Bone Cell Structure: Unveiling the Building Blocks of Bones - Generative AI

Can Cells Learn? Can Molecules Communicate? What We Are Learning…

We are learning that the world of life is full of intelligence that we just did not know about

As noted last Wednesday, the science journal Nature reported on an uproar in neuroscience while sidestepping the uproar’s underlying basis: the leading theory of human consciousness today, Integrated Information Theory (IIT), is panpsychist, not eliminationist. That is, instead of trying to show that even human consciousness is merely an evolved illusion, IIT is compatible with the idea that some form of consciousness might pervade all life forms. The real difficulty with assessing any claim about human consciousness is that we can’t even define clearly what it is. However, suppose we have a more modest goal. We just want to understand why eliminative materialism seems to be failing and panpsychism, whether it is a good thing or a bad thing, is Read More ›

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Leading Consciousness Theory Slammed as “Pseudoscience.” Huh?

Integrated Information Theory’s panpsychist leanings are the 124 neuroscientist critics’ real target

Since last week, 124 neuroscientists, including some really big names, have signed an online letter,” to be published in a journal, denouncing a leading theory of consciousness, Integrated Information Theory (IIT), as “pseudoscience.” If you don’t follow these controversies, IIT may not immediately ring a bell. But the theory featured in popular science news earlier this summer when dualist philosopher David Chalmers won a 25-year bet with IIT neuroscientist Christof Koch. He had bet that a “consciousness spot” would not be found in the brain and it was not. But they were both good sports about it and, as agreed, Koch bought Chalmers a case of fine wine. But the signatories to the letter are in no mood for parties. Read More ›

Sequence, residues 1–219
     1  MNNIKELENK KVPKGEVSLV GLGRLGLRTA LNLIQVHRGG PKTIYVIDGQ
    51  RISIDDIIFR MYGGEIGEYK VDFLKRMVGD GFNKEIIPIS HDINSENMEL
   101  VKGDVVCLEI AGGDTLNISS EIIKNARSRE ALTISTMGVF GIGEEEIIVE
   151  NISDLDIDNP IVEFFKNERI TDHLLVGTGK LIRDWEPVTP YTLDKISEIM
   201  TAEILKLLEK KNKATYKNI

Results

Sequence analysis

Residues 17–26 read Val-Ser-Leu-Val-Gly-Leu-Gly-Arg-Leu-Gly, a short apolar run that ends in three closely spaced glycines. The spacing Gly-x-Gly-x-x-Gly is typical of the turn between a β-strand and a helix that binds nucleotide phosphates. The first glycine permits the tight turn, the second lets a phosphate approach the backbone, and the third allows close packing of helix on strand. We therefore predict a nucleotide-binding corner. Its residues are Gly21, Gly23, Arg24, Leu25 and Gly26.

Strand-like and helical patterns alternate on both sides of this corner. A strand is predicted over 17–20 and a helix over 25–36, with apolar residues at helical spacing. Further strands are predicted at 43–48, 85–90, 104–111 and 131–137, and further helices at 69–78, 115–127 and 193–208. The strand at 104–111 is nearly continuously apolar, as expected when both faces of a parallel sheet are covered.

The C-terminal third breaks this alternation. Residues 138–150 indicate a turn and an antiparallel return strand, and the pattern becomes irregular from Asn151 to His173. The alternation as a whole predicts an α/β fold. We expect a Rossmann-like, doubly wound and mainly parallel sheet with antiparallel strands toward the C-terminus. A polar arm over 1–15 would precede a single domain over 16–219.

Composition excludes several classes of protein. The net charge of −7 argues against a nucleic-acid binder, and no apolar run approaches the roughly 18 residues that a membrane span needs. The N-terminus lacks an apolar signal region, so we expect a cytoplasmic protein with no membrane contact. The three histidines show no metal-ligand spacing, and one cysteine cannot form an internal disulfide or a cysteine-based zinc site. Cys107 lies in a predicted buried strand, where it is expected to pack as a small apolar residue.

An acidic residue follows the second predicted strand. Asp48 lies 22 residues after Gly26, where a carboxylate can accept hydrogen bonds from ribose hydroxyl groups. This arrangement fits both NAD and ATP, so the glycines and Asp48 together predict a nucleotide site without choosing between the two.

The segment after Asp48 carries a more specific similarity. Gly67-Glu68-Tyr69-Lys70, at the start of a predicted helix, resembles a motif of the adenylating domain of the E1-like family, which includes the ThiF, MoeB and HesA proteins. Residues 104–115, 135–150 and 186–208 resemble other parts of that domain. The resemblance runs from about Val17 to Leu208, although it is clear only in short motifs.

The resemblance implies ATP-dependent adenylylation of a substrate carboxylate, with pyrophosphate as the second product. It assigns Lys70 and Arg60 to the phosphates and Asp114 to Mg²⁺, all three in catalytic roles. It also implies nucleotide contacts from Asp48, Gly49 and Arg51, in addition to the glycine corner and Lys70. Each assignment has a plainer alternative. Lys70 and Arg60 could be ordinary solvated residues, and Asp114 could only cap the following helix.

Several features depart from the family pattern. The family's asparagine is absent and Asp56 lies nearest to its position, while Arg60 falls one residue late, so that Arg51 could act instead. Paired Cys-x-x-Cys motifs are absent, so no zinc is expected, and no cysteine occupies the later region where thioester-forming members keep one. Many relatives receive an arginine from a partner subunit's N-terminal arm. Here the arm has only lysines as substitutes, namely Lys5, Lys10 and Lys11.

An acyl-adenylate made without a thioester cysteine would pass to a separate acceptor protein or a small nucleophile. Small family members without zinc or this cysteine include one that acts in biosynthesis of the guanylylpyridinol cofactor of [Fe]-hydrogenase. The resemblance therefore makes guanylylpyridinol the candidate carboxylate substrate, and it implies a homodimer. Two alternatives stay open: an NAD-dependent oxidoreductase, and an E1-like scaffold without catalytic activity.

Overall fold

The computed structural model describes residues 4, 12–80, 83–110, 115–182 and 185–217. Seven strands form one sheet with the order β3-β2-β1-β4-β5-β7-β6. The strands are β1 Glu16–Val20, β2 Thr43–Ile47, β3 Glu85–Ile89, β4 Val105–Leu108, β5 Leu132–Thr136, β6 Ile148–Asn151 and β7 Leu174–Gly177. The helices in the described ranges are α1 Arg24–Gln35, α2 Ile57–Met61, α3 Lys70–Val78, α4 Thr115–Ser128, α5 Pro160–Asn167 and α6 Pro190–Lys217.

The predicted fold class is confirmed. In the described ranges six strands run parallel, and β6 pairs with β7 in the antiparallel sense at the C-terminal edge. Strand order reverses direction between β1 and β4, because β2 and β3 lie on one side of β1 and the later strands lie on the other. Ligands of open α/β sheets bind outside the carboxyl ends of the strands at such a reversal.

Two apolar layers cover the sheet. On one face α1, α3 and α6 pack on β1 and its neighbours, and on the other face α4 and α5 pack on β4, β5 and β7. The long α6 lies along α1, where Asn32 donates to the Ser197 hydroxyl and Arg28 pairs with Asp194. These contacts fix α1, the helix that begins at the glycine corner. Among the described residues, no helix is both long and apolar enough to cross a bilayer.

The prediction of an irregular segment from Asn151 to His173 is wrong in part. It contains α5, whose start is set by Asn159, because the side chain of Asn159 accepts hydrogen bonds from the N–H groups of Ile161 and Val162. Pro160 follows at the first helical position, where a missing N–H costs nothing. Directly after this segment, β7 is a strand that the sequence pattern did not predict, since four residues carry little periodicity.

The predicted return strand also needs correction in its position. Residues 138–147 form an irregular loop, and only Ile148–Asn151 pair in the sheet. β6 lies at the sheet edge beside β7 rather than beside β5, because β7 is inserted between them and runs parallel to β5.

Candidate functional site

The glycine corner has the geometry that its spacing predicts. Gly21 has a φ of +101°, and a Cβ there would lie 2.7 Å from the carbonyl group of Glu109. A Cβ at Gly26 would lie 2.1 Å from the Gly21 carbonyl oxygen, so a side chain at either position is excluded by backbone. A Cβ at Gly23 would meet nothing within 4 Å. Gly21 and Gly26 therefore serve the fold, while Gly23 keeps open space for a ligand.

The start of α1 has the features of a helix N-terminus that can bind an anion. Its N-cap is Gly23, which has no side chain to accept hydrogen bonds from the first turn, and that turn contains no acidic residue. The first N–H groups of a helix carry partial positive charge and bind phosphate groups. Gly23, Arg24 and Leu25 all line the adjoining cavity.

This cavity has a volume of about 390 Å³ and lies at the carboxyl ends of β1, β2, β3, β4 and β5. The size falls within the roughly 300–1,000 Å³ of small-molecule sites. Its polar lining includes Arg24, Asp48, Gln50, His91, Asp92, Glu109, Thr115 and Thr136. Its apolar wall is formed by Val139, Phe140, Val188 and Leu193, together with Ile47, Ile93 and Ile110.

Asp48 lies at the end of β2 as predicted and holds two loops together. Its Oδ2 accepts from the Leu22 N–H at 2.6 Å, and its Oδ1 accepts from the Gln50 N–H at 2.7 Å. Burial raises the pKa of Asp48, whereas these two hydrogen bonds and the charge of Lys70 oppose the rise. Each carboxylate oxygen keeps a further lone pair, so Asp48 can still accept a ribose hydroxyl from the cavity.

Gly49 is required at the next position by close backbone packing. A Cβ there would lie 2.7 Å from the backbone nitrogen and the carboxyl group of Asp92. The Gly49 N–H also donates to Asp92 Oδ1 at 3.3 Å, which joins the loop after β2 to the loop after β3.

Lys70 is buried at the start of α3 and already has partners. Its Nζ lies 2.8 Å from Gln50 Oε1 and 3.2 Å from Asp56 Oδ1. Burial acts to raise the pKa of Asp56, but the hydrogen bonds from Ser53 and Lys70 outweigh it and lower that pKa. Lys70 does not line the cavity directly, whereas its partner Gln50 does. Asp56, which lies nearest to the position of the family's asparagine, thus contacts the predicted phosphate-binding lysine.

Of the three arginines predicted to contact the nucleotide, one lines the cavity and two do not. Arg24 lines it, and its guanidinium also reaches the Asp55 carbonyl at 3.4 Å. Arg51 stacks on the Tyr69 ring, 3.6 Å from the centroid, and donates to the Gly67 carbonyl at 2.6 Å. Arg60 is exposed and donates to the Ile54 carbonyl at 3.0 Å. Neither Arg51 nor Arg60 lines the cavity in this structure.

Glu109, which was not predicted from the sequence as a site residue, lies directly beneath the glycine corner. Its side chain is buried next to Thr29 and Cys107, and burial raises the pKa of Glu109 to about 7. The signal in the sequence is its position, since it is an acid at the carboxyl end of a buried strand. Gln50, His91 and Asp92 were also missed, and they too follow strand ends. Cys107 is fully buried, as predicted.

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If Panpsychism Is Now Mainstream, Is Fine-Tuning Next?

In his new book, panpsychist Philip Goff argues for fine-tuning of the universe and cosmic purpose

In a recent interview, Durham University philosophy professor Philip Goff told contributing editor Ricky Williamson at IAI News that panpsychism, for which he is famous, “has gone mainstream.” That is, the idea that consciousness is real and that perhaps all life forms (or the whole universe) share in it is increasingly considered a reasonable idea. Thus Goff is now tackling the concept of purpose behind the universe in a forthcoming book, Why? The Purpose of the Universe (Oxford University Press, 2023). He’s right about the mainstreaming of panpsychism in the last few years. When New Scientist can write a sympathetic account of panpsychism and University of Chicago biochemist James Shapiro, can tell us in a prestigious science journal that all Read More ›